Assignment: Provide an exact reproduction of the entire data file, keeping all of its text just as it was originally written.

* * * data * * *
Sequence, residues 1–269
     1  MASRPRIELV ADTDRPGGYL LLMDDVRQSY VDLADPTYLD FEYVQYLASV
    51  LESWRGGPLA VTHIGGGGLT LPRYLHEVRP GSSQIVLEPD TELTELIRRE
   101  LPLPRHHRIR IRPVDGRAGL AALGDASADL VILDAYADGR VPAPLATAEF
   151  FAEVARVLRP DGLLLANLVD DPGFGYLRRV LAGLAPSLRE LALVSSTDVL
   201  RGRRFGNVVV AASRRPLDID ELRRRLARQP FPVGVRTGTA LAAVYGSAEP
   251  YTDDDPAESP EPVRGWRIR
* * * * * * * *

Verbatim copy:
Sequence, residues 1–269
     1  MASRPRIELV ADTDRPGGYL LLMDDVRQSY VDLADPTYLD FEYVQYLASV
    51  LESWRGGPLA VTHIGGGGLT LPRYLHEVRP GSSQIVLEPD TELTELIRRE
   101  LPLPRHHRIR IRPVDGRAGL AALGDASADL VILDAYADGR VPAPLATAEF
   151  FAEVARVLRP DGLLLANLVD DPGFGYLRRV LAGLAPSLRE LALVSSTDVL
   201  RGRRFGNVVV AASRRPLDID ELRRRLARQP FPVGVRTGTA LAAVYGSAEP
   251  YTDDDPAESP EPVRGWRIR